Article of the Day: What It’s like to Fly the $23,000 Singapore Airlines Suites Class

What It’s like to Fly the $23,000 Singapore Airlines Suites Class As I mentioned earlier, this series is going to be eclectic.  Anyone who knows me can attest to the fact that I love planes.  No, seriously, I LOOOOOVVVEEEE planes.  I geek out over the smallest things and usually arrive at airports a tad early […]

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Rockstar Status: Narendra Modi’s American Trip and the Future of Indo-American Cooperation

Indian Prime Minister Narendra Modi’s speech in front of a diaspora crowd at Madison Square Garden in New York sold out the legendary arena and drew between 15,000 and 20,000 guests.  Modi’s star power in America underlines the incredible opportunity for further bilateral cooperation between the two countries. Think of the number of people who […]

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My take on Scottish Independence

One of my earliest memories of school was my proud Scottish teacher making a 7-year-old me learn the de facto Scottish National Anthem “Oh flower of Scotland.” It was curious for a young boy in France to learn a song charged with national pride and independent sentiments.  That was very telling of the ethos of Scotland […]

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School lunches around the world

There was an interesting Buzzfeed post today about school lunches around the world.  It’s really worth looking at.  I think there are some very interesting observations to make about foreign policy.  Beyond the obvious cultural differences, there are some interesting hints about economic development.  Obviously these are limited examples, yet you can see that countries […]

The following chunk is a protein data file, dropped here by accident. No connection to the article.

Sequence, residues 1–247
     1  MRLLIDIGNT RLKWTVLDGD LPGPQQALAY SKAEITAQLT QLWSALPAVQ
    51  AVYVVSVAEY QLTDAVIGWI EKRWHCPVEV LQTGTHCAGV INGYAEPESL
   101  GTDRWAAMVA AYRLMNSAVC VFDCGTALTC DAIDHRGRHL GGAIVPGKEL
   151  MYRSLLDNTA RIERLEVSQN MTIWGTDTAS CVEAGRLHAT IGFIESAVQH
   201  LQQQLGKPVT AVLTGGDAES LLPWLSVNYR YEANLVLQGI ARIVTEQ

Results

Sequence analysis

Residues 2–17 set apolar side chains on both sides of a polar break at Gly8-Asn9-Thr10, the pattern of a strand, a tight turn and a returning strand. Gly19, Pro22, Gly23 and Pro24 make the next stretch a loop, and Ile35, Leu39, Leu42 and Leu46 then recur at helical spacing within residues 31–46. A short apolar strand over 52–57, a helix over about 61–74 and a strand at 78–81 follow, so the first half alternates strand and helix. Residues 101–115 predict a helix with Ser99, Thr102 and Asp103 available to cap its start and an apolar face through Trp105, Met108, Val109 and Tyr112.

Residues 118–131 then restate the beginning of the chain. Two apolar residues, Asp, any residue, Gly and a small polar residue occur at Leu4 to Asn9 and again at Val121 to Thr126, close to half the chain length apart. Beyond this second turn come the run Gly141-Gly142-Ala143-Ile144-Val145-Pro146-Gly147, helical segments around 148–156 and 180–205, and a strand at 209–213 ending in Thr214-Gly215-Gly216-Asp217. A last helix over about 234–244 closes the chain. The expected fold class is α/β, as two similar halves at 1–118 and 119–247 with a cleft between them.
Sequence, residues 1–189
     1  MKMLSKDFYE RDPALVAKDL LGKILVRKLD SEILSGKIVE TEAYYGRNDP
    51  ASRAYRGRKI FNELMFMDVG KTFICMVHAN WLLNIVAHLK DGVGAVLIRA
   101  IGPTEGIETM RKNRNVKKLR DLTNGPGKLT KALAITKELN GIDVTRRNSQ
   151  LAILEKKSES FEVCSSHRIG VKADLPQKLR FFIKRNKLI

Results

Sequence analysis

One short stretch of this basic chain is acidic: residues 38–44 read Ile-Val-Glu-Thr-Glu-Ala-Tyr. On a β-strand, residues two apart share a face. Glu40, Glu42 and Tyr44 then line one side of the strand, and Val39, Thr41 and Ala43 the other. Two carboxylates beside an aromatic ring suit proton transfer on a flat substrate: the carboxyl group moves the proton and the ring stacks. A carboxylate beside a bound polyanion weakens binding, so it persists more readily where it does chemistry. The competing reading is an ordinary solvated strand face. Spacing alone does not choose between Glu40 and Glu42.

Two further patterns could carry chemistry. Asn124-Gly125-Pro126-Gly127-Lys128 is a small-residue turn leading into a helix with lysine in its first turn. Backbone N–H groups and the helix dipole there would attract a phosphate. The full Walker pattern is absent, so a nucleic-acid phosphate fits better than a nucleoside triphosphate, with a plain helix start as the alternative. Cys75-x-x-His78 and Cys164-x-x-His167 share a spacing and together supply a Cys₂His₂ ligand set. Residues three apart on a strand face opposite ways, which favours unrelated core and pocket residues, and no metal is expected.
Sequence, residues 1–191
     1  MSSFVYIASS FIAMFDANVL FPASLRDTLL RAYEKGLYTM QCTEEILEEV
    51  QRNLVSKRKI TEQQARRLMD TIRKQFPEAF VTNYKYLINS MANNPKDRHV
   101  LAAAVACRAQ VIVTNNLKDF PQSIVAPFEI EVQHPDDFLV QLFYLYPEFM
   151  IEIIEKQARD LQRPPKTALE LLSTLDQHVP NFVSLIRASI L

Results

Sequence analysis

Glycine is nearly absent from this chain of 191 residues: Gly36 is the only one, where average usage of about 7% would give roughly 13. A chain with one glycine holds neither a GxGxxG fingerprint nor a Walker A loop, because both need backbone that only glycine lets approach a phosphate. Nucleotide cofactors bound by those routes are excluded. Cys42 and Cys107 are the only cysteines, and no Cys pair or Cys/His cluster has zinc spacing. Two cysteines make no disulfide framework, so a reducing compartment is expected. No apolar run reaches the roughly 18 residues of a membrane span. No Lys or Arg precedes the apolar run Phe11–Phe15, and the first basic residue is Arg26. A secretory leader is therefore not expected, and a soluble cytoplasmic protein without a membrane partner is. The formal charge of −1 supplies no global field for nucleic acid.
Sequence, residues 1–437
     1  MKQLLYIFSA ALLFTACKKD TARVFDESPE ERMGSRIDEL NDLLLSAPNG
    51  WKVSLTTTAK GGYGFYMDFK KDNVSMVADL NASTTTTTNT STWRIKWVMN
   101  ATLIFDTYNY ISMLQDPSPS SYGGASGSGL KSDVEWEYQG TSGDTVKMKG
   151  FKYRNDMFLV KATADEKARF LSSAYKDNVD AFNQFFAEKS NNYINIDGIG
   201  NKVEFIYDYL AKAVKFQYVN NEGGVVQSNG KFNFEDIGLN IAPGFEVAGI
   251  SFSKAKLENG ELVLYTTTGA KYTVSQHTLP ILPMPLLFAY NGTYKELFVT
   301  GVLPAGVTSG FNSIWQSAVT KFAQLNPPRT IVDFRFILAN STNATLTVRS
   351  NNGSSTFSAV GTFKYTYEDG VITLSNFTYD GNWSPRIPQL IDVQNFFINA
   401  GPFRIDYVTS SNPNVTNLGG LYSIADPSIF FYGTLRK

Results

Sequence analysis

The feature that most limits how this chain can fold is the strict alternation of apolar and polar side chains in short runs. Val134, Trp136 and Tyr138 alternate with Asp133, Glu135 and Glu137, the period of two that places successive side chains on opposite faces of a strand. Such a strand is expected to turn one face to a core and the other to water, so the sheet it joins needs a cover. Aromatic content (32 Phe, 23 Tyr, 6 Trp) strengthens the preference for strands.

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My comment on Simon Kuper’s FT Post

The FT’s Simon Kuper put out a very interesting article today on the state of déclinisme in France.  His argument is coherent and generally strong until the last paragraph where he says that France does not change due to the focus of the people on their social benefits.  That’s certainly a problem, but the bigger issue remains […]

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French and German Gulfs on Budgetary Discipline

Wonderful article by Tony Barber in the Financial Times today outlining the differences between the French and German conceptions of budgetary discipline.  I think the main differences between the two is political will.  In Germany it appears as if good budgetary policy is considered shrewd politics.  Conversely in France, particularly among the ranks of the Socialist […]

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Renzi-mania and Hollande-phobia: Defining the Anti-Austerity Rhetoric in Brussels

French President François Hollande’s approval rating was reported at a dismal 13% today, breaking his own record for unpopularity. Amidst the freefall of the President’s approval ratings, there is little wonder that Italian Prime Minister Matteo Renzi has assumed the responsibility of leading the anti-austerity charge in Brussels. As the most powerful socialist in Europe, […]

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Ed Miliband, a British François Hollande?

An article last week in The Guardian argued that Britain under Ed Miliband would be similar, at least in substance, to France under François Hollande.  I think that claim is somewhat exaggerated.  Although Miliband is very open about his left-leaning stance, I don’t truly think the two are comparable simply as Miliband appears to have more […]

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